Publishing content is very easy - github, blogger, personal pages, countless social sites and fancy P2P networks. 

Reading content is harder - Reddit, Twitter, Feedly and few others are attempting to identify 'interesting' content and organize it. There is too much content published, and too little diversity if you stick with a list of subscriptions (old style blog readers) and too much garbage and propaganda if you want broader sources. 

Comments are the third problem - they usually are more interesting than the original post, and are valuable both to the reader and to the original poster.  Just posting some content on a page with no way to get any feedback is a waste of time.

I've started to look for an alternative to Twitter for reading - and while doing so I also started for a place to start posting/blogging/ranting. I rarely post on Twitter - but I keep a lot of notes on various projects and experiments - just too lazy to publish them except in comments and 'readme' in git repos I work on.

The options so far:

  • blogger - I've been using it for a very long time, easy - but very unfriendly to code and markdown.
  • reddit - for posting in specific topics. Great comments and community associated with the topic. I've seen many posting a 'blog' or page on github and linking it to reddit for discussions/comments.
  • - comments become github issues. Interesting idea - using search in the issue tracker to hold the post comments. Best associated with blogs hosted on github.
  • disqus - adds on the free edition, $11 for add free. Work to set it up.
  • cusdis - open source, selfhosted option - supports sqlite.
  • ...
For now I'm (re)starting to use blogger - it is by far the least effort, since my goal is to publish my tech notes and rants and maybe get a bit of feedback if anyone stumbles on them - but also checking Reddit. I wouldn't spam Reddit with my rants - but most communities seem high quality and the moderation on each community seems like a far better way to keep the noise out than even old Twitter (very low bar, but that's what I used to use to read, when I somehow trusted they have a team fighting against garbage content and disinformation).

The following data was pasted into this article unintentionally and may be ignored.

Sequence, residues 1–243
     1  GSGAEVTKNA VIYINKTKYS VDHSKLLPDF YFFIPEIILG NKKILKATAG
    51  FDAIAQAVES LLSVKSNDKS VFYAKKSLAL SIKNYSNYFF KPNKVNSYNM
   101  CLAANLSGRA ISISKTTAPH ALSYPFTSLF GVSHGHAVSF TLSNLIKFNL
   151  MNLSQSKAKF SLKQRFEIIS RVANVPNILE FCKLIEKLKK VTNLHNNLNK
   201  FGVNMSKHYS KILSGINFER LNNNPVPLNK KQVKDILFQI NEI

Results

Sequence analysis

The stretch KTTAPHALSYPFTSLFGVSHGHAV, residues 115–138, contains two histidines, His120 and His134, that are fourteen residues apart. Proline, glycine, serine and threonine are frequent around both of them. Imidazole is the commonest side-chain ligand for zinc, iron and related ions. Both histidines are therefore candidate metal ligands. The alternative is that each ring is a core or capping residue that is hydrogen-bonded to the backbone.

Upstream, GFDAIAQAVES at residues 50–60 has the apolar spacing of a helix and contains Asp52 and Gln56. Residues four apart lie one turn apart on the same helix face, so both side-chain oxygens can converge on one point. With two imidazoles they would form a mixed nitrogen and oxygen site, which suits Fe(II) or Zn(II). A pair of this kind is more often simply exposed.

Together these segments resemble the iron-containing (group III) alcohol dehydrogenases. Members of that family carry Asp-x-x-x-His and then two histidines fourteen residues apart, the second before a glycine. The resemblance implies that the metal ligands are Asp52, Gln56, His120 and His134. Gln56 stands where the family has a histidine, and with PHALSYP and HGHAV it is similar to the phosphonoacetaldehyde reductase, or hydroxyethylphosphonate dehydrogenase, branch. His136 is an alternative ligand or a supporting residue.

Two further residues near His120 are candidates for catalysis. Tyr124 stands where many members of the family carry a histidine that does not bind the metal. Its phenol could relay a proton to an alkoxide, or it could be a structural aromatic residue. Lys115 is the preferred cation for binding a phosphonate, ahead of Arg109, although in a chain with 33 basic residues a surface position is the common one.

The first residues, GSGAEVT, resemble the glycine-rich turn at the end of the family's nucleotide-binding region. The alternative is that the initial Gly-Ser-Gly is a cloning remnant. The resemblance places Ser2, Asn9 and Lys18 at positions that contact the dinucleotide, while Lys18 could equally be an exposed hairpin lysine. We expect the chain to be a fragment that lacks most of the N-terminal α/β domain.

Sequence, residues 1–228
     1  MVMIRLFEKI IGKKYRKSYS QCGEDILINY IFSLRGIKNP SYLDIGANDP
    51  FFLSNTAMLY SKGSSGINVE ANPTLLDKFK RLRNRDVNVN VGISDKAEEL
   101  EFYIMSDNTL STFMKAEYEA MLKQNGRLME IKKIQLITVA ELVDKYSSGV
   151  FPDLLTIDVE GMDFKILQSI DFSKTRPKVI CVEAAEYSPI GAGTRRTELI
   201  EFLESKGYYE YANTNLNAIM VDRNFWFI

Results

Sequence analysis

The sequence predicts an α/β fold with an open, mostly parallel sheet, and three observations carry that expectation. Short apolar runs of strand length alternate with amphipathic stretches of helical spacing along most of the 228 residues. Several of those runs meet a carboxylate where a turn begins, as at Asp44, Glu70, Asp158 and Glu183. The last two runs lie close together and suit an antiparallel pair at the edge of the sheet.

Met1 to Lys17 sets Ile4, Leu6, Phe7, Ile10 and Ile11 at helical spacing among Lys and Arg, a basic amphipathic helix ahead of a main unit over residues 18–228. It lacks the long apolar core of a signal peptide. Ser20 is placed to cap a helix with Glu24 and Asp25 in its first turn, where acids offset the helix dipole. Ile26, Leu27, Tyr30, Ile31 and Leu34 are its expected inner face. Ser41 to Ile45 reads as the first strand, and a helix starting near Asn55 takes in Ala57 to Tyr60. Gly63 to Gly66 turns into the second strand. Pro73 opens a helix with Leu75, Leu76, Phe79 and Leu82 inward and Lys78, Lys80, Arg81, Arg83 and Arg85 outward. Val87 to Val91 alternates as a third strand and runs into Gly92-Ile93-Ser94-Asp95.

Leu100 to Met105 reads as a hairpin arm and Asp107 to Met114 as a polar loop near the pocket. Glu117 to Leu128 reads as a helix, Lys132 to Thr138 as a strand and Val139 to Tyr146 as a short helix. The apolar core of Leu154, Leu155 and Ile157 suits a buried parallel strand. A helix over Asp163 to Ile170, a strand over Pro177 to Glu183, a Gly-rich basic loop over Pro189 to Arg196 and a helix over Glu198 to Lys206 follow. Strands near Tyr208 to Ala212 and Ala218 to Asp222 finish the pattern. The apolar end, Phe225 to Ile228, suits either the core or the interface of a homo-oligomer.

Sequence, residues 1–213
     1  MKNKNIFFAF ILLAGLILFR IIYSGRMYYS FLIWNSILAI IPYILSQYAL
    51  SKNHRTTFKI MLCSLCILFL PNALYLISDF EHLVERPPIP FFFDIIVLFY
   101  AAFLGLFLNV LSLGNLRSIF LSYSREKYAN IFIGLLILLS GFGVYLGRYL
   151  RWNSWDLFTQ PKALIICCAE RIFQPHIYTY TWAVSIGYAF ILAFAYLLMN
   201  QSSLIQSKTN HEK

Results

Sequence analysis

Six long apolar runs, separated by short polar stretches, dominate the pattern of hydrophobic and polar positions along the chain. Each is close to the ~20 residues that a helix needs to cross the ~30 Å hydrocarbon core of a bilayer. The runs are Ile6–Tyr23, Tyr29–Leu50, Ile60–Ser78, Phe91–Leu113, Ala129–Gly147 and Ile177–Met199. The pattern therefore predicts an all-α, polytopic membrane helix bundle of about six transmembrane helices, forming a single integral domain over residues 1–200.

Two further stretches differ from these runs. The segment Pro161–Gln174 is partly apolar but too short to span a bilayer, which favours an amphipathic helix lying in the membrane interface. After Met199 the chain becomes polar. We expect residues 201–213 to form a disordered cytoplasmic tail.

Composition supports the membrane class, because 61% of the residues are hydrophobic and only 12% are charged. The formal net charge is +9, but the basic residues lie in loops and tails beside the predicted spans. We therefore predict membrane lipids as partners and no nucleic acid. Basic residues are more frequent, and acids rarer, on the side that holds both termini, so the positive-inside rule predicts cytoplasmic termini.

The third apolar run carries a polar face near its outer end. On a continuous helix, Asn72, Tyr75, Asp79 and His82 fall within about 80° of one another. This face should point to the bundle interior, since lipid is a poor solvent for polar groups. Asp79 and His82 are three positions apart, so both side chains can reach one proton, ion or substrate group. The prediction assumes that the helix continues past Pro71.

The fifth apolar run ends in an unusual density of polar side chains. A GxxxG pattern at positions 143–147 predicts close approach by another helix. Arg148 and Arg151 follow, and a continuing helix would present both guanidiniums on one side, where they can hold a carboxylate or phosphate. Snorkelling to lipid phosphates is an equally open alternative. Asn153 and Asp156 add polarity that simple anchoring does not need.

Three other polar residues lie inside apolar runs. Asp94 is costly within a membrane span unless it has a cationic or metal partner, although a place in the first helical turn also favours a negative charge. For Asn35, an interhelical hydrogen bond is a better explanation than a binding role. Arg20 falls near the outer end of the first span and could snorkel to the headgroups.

If I get bored - I would try 'utterances' with github and cusdis.

Wednesday, November 16, 2022

Egress capture using TPROXY

Very low level notes on intercepting traffic for Istio and similar apps. IPtables provide 2 mechanisms to capture, REDIRECT and TPROXY. The first is buggy and not recommended by the kernel docs. TPROXY unfortunately requires NET_ADMIN (or root) and is only available in the `PREROUTING` chain, i.e. can only be used for packets received on an interface - not on packets sent by local apps ( OUTPUT ).

I've been playing with this for some time, and this is what I've found:

  1. Use an OUTPUT chain to mark packets - just like we do for REDIRECT interception
  2. Use a routing table with 'dev lo' to route all marked packets to loopback. 
  3. Apply TPROXY capture on the loopback PREROUTING - if the dest IP is not
It looks like this: 

  # Anything with the mark 15001 will be sent to loopback
  ip -4 rule add fwmark 15001 lookup 15001
  ip -4 route add local default dev lo table 15001

  # Calling this chain will set the mark resulting in route to lo
  iptables -t mangle -N ZT_CAPTURE_EGRESS
  iptables -t mangle -A ZT_CAPTURE_EGRESS -j MARK --set-mark 15001

  # PREROUTING on loopback - anything routed by the route table 15001, based on OUTPUT mark
  # Ignore local source or dst - it's not egress
  iptables -t mangle -N ZT_TPROXY
  iptables -t mangle -A ZT_TPROXY -d -j RETURN
  iptables -t mangle -A ZT_TPROXY -d -j RETURN
  iptables -t mangle -A ZT_TPROXY --match mark --mark 15001 -p tcp  -j TPROXY --tproxy-mark 15001/0xffffffff --on-port 15001
  iptables -t mangle -A PREROUTING -i lo -j ZT_TPROXY

  # Table that determines who gets redirected
  iptables -t mangle -N ZT_EGRESS
  iptables -t mangle -A OUTPUT  -j ZT_EGRESS

The OUTPUT table is similar to regular Istio:

  # Exclude few ports that should not be captured
  iptables -t mangle -A ZT_EGRESS  -p tcp --dport 15001 -j RETURN
  iptables -t mangle -A ZT_EGRESS  -p tcp --dport 15009 -j RETURN
  iptables -t mangle -A ZT_EGRESS  -p tcp --dport 15008 -j RETURN

  # UID or GID of the app capturing - so it can originate egress without 
  # getting captured again.
  # Best is to use GID - so root user is also captured. However when debuggin
  # in an IDE like CLion/Golang it is very easy to set 'run as root' but not
  # 'using group id' - so using uid-owner.
  iptables -t mangle -A ZT_EGRESS -m owner --uid-owner 0 -j RETURN

  # For now capture only, private range, can be changed to
  # to capture everything.
  iptables -t mangle -A ZT_EGRESS -d -j ZT_CAPTURE_EGRESS

This works for sidecars - and avoids the problems with REDIRECT, however it does require the sidecar to run with NET_ADMIN cap, which is not always possible. For Ambient Istio (ZTunnel) it may not be needed since eBPF or veth can be used instead.

The other major benefit of TPproxy is that it also allows UDP capture - REDIRECT 'original DST' does not work for UDP. I did a bit of testing with UDP and IPv6 - all seems to be working.